How to configure java.util.logging on Android?

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I want to use java.util.logging on Android. I want to configure the logging system with logging.properties. But how can I tell Android using the specific configure file? For example, I placed the logging.properties in the classpath root of the application. How Android knows the location of logging.properties.

Thanks

This is now an FAQ for one of my projects, hopefully more people will find this here: java.util.logging works fine on Android. Please don't use anything else in your code, logging frameworks are like a pest in the Java world.

What is broken is the default logging handler shipped with Android, it ignores any log messages with level finer than INFO. You don't see DEBUG etc. messages.

The reason is the call to Log.isLoggable() in AndroidHandler.java:

https://github.com/android/platform_frameworks_base/blob/master/core/java/com/android/internal/logging/AndroidHandler.java

Here is how you fix it:

import android.util.Log;
import java.util.logging.*;

/**
 * Make JUL work on Android.
 */
public class AndroidLoggingHandler extends Handler {

    public static void reset(Handler rootHandler) {
        Logger rootLogger = LogManager.getLogManager().getLogger("");
        Handler[] handlers = rootLogger.getHandlers();
        for (Handler handler : handlers) {
            rootLogger.removeHandler(handler);
        }
        rootLogger.addHandler(rootHandler);
    }

    @Override
    public void close() {
    }

    @Override
    public void flush() {
    }

    @Override
    public void publish(LogRecord record) {
        if (!super.isLoggable(record))
            return;

        String name = record.getLoggerName();
        int maxLength = 30;
        String tag = name.length() > maxLength ? name.substring(name.length() - maxLength) : name;

        try {
            int level = getAndroidLevel(record.getLevel());
            Log.println(level, tag, record.getMessage());
            if (record.getThrown() != null) {
                Log.println(level, tag, Log.getStackTraceString(record.getThrown()));
            }
        } catch (RuntimeException e) {
            Log.e("AndroidLoggingHandler", "Error logging message.", e);
        }
    }

    static int getAndroidLevel(Level level) {
        int value = level.intValue();

        if (value >= Level.SEVERE.intValue()) {
            return Log.ERROR;
        } else if (value >= Level.WARNING.intValue()) {
            return Log.WARN;
        } else if (value >= Level.INFO.intValue()) {
            return Log.INFO;
        } else {
            return Log.DEBUG;
        }
    }
}

In the main activity/initialization code of your application:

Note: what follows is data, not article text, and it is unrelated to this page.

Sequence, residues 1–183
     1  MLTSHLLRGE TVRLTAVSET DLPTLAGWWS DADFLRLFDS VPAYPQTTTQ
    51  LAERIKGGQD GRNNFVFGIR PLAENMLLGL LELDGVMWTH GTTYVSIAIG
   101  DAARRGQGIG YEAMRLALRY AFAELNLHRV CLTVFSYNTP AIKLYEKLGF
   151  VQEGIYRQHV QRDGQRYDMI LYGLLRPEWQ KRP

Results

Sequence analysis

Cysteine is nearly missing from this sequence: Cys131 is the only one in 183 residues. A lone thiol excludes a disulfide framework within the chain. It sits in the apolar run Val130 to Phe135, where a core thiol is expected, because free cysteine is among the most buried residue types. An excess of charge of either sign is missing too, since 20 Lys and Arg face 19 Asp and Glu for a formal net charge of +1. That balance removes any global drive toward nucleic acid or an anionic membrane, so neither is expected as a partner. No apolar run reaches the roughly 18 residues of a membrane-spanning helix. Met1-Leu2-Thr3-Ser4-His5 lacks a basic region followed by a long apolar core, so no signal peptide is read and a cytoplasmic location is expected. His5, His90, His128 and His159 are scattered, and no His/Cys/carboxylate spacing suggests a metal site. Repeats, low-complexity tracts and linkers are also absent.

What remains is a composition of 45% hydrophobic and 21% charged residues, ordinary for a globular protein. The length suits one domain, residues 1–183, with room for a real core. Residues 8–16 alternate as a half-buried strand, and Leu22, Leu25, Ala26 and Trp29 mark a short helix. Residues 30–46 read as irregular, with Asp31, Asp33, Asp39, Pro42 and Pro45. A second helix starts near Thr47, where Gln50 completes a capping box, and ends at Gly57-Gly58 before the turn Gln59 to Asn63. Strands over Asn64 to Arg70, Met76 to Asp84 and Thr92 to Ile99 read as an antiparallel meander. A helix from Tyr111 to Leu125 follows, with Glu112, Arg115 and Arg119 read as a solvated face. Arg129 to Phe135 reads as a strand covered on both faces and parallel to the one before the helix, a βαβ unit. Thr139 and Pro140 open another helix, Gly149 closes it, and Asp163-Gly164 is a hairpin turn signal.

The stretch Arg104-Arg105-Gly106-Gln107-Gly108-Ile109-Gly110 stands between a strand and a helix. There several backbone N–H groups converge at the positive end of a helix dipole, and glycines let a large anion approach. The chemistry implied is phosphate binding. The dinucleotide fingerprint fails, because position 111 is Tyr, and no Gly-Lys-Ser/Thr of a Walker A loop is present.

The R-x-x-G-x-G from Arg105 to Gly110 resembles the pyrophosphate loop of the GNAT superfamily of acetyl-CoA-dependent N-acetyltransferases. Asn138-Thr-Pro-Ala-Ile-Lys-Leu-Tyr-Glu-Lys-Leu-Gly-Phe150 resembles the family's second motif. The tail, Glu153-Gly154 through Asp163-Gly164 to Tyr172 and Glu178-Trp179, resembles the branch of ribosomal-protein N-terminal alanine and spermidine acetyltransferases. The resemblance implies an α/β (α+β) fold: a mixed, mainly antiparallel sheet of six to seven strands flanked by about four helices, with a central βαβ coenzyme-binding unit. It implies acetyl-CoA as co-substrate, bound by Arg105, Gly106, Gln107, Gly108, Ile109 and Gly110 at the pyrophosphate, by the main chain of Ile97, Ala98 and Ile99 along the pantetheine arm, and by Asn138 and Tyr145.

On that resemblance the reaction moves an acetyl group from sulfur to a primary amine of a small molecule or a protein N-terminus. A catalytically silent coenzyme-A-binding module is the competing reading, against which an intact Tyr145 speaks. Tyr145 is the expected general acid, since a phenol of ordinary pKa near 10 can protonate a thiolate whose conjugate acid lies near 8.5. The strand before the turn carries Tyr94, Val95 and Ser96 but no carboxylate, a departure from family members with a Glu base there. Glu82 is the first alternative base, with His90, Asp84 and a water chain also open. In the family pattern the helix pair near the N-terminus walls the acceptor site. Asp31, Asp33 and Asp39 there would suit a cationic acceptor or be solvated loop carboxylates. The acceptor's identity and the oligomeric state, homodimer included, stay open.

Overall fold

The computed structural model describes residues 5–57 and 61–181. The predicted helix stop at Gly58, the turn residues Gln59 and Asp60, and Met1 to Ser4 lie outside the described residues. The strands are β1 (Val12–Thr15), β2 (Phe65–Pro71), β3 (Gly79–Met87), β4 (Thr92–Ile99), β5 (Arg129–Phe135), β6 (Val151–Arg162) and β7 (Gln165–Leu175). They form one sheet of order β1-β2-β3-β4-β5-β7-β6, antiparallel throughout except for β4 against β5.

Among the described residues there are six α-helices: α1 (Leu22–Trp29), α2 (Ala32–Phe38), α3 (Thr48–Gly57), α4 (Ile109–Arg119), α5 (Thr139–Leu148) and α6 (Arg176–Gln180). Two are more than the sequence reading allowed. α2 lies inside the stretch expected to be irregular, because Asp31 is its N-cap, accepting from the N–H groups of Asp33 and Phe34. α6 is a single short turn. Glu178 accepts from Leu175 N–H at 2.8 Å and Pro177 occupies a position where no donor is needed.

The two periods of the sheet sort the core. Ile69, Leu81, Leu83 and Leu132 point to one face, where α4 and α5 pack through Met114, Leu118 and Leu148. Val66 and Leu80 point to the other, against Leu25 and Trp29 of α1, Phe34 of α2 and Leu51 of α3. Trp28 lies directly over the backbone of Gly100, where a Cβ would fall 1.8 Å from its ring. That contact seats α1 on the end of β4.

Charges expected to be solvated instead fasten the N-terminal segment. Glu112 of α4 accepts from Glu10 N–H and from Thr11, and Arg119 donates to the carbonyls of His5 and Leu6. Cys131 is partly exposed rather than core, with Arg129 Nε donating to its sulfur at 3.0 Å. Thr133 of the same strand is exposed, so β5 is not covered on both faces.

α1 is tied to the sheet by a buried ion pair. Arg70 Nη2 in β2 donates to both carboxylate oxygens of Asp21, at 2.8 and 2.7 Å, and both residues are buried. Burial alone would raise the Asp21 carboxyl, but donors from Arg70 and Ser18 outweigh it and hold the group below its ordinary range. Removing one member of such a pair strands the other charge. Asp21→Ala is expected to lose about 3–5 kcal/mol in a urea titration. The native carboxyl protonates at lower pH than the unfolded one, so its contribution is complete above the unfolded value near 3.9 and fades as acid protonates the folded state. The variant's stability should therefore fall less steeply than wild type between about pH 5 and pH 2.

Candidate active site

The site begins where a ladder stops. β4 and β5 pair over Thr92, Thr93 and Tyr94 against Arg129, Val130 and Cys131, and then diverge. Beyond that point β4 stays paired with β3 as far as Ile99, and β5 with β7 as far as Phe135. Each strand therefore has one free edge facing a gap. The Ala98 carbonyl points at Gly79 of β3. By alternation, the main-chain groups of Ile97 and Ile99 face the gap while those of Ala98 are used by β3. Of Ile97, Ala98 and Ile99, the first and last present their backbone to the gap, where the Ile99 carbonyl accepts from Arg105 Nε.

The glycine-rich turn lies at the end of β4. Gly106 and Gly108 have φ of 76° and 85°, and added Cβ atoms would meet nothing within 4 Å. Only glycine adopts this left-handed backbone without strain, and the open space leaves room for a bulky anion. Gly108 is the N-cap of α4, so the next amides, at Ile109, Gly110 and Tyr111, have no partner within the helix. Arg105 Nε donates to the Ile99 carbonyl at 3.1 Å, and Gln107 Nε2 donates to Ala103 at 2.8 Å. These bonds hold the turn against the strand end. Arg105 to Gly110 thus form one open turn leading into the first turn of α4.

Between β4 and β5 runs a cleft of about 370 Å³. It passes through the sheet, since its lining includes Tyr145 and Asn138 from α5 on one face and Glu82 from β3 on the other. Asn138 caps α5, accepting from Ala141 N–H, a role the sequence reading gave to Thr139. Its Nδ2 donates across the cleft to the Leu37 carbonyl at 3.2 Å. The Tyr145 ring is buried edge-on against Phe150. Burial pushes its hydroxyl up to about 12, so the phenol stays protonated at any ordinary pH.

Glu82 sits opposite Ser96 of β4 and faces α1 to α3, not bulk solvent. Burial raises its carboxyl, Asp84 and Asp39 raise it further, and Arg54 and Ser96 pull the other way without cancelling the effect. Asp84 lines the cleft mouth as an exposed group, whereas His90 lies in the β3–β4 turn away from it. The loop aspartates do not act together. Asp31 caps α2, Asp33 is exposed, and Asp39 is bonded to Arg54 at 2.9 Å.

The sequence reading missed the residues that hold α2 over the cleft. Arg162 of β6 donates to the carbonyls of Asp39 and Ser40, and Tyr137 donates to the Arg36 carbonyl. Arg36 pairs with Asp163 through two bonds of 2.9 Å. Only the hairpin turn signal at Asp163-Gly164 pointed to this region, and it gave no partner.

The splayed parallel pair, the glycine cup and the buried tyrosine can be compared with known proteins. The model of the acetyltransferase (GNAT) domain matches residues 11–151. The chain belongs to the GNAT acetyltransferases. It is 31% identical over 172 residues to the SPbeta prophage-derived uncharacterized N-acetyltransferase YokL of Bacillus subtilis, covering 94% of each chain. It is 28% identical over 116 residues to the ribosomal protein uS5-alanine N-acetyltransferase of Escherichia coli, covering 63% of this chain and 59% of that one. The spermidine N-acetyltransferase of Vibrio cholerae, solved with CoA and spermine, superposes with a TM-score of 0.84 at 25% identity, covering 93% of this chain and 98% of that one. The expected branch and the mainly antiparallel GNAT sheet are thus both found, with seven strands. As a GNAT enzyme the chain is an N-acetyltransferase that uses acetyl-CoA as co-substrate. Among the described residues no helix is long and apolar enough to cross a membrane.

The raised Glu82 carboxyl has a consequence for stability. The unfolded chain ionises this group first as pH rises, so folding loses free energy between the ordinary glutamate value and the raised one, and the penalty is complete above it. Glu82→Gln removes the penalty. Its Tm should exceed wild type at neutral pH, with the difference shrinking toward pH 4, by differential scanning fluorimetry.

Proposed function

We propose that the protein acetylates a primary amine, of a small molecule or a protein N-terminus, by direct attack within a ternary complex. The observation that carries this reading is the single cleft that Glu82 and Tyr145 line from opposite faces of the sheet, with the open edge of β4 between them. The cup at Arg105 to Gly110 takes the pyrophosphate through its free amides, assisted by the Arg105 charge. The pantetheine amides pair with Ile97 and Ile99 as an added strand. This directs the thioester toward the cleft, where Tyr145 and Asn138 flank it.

@Override
protected void onCreate(Bundle savedInstanceState) {
    super.onCreate(savedInstanceState);

    AndroidLoggingHandler.reset(new AndroidLoggingHandler());
    java.util.logging.Logger.getLogger("my.category").setLevel(Level.FINEST);
...

TL;DR: Yes, you could use some magic properties, or adb shell command, or even learn how the stupid built-in logging handler's DalvikLogging.loggerNameToTag converts category names to tags (which you would have to do for those magic properties and shell commands), but why bother? Isn't logging painful enough?

java.util.logging, Static control enables field service staff to set up a particular configuration and then re-launch the application with the new logging settings. Questions: I want to use java.util.logging on Android. I want to configure the logging system with logging.properties. But how can I tell Android using the specific configure file? For example, I placed the logging.properties in the classpath root of the application. How Android knows the location of logging.properties.

Generally one uses android.util.Log for logging on Android. There are some key advantages to using that logger, such as being able to use adb logcat to view logging output sent to those logs.

You can try put logging.properties in assets/ or res/raw/. If Android doesn't pick those up there, then one can use java.util.logging.LogManager.readConfiguration(java.io.InputStream) to force load it. (You can use the Resources and AssetManager classes to get the file as an InputStream).

Logger, https://developer.android.com › reference › java › util › logging › LogMa You can use a Java class to configure the Java Logging API. You do so by specifying the name of the class in the JVM parameter java.util.logging.config.class. It is the constructor of that class that should load the configuration and apply it to the Logger 's in the hierarchy.